Some of the districts have reported that they have not been experiencing any changes in their financing or in the support from their schools and communities, and I was very happy to hear that. In that respect, we’re kind of a diverse group. It depends where you are in the state and how your community has been dealing with things up until this point.
CD: While you mentioned that many communities have had cuts, has the number of music educators generally remained stable throughout the state?
JH: I have had a couple of contacts with people who’ve reported that there were a few cases where some teachers were retiring or moving out of the area and those positions are not being filled. Their duties are being taken over by faculty already on staff. I’ve heard of very few programs actually being cut. That’s not to say that they’re all safe, but at this point anyhow, everyone seems to be somewhat intact. We’re not losing programs or starting levels for instrumental classes in grade schools around the state. In that respect, I think we’re holding our own on that, but the future is what we are all concerned about.
CD: So the big question is this: as a leader of an organization that promotes music education and works directly with music teachers in your state, what are you doing to combat cuts?
JH: Our feelings right now are that the biggest thing we can keep going or get going, as the case may be is some degree of advocacy for the arts, and music in particular, to remain in the system. We do have a special area chair, and that person is totally focused on advocacy for music in the state of Illinois. He’s been very active in that position, getting things out and trying to make sure that we’re in the public’s eye as much as possible. We’re also doing work at other fine arts committees throughout the state, with the thinking that if we all join together, we will have a stronger voice.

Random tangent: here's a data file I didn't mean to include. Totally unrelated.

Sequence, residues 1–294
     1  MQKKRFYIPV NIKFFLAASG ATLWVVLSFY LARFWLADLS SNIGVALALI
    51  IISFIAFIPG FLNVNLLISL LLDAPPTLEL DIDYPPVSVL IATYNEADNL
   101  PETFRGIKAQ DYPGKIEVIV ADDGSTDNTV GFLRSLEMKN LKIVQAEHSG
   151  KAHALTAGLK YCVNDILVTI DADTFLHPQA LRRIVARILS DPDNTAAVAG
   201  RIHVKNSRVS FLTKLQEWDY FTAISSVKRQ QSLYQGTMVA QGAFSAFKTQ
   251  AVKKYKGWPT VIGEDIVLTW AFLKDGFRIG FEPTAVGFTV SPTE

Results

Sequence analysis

The IMEA has a very large voice for music education in the state of Illinois, but we also have a lot of other lobby groups that have loud voices for Fine Arts in other aspects of state life.
CD: Are you worried about the different voices competing for the same funding?
JH: No, I don’t think they are. From what I’ve experienced since I’ve been in position for the past nine months, while the focus might be slightly different from the music education groups, it is more of a common goal for music and the fine arts in the state of Illinois.
I know that some of the agencies are receiving funding from the government which obviously has been cut this year, in some cases as much as 25 percent, but I think everyone realizes we are all in the same boat. Unified, we can be a stronger voice and hit the people that we need to hit from many different angles. We’re doing that in the state level, but we’re also doing it at the national level. We had a very successful conference in Washington D.C. in June where MEA leaders from all over the country came, did some lobby work with their legislators, and gave some very public performances to get in the public’s eye.
Another thing we need to make people understand is that the arts are included in No Child Left Behind, too. They are a part of that program and we really need to point that out to everybody so that the state and local boards of education will realize that this is not a frill; it is an integral part of a child’s education. I’m not talking about just music, but the fine arts in general, and we have to make sure that it remains in position so that our children can have a well-rounded education.